Updated on July 5, 2016 by Greg Pollock
There’s no right place to start with DevOps, but there are reasons that different people choose to start. There are also ways of communicating that make it more likely to take succeed in your organization. Being aware of the people you are talking to and the processes they work within can make your DevOps experiments more likely to grow into a business-wide culture.
A forthcoming study sponsored by Microsoft and conducted by independent research firm Saugatuck Technology digs into the expectations different groups have for DevOps. Spoiler alert: not everyone likes DevOps for the same reasons. You probably know why DevOps sounds useful to you, but getting buy-in from other teams is crucial and tricky. Knowing what others are likely to care about can make it way easier to get them on board and make DevOps a reality.
Developers are most interested in optimizing resources, both in terms of people and infrastructure. This is likely because they do project-based work where a schedule of milestones formalizes how they will be evaluated. Unfortunately, developers have thus far seen less benefit from DevOps than Implementers or Leadership, perhaps because their involvement in deployment appears to be extra work that jeopardizes hitting milestones. (If you’ve never experienced the conflict between “hitting milestones” and “shipping a good product,” The Phoenix Project gives a spot-on depiction.)
If you’re talking to a Developer: Tell them about a development cycle where stable deployments mean less time fixing bugs. Better accounting for deployment work means they can give more accurate scoping and have a more consistent workflow.
Not surprisingly, Implementers are disproportionately interested in automating release cycles and improving mean time to recovery. Whereas Developer work is typically evaluated through a formal project management strategy, Implementer work is commonly viewed through the binary lens of “is the site up or down.” Implementers see the value of DevOps in preventing the latter.
If you’re talking to an Implementer: For years, Implementers have been catching the pig when Development tossed it over the fence. DevOps is the way to make that handoff more graceful. Tell them about a release process with greater visibility and faster recovery when something does go wrong.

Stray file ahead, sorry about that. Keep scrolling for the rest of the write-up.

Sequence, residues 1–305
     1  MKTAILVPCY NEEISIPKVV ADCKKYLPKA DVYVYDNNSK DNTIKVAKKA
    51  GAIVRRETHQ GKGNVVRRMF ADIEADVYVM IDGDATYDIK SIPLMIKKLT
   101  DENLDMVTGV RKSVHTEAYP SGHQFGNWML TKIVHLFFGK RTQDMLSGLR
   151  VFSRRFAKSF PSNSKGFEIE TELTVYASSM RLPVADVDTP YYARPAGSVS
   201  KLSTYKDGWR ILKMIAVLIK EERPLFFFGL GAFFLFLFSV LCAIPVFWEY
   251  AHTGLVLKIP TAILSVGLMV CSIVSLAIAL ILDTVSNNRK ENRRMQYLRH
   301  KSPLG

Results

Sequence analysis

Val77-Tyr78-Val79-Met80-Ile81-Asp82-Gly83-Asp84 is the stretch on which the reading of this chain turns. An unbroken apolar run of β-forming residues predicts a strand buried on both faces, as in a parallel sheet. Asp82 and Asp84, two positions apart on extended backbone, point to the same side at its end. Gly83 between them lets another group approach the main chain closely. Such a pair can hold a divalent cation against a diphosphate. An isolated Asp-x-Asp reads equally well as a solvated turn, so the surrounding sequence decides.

The IT Leadership has much higher expectations than Developers or Implementers for their adoption of DevOps in the next two years. They also think their companies have done a much better job adopting DevOps principles than Implementers or Developers do. The disconnect between the perception and expectation of Leadership and the rest of the IT team is a potential source of resistance to DevOps--when one group thinks they’re already half way there while another thinks they’ve barely begun, the distance to the finish line appears drastically different.
IT Leadership is more interested in scaling operations and improving communication and collaboration than the other groups. This is likely because they are more concerned with long term strategy and processes than people doing the day to day work on the next release.
If you’re talking to an IT Leader: Talk about the long term benefits of investing in DevOps. Cultural change in particular is slow to come, but it also yields the biggest dividends.
While the relative interest in a given benefit of DevOps varies between group, the overall trends are fairly similar. Everyone is most interested in improved application/IT quality and more quickly responding to business requirements.
If you’re talking to a random person who you know nothing about: Tell them that DevOps helps business requirements become action items sooner.
Maybe you already knew that Developers, Implementers, and Leaders have different interests in DevOps. After all, you probably are one of those people, and there's a good chance you've experienced miscommunication with other departments. As we dig deeper into the Saugatuck research in coming articles, we'll pull out more interesting facts that can help avoid those awkward moments. Next time: what different business sizes expect from the DevOps and who is experiencing the most success with DevOps today.
Misconfigurations are an internal problem that emanate from within the IT infrastructure of any enterprise; no hacker is necessary for massive damage to occur to digital systems and stored data. And the problem is pervasive, with Gartner estimating anywhere from 70% to 99% of data breaches result not from external, concerted attacks, but from internal misconfiguration of the affected IT systems.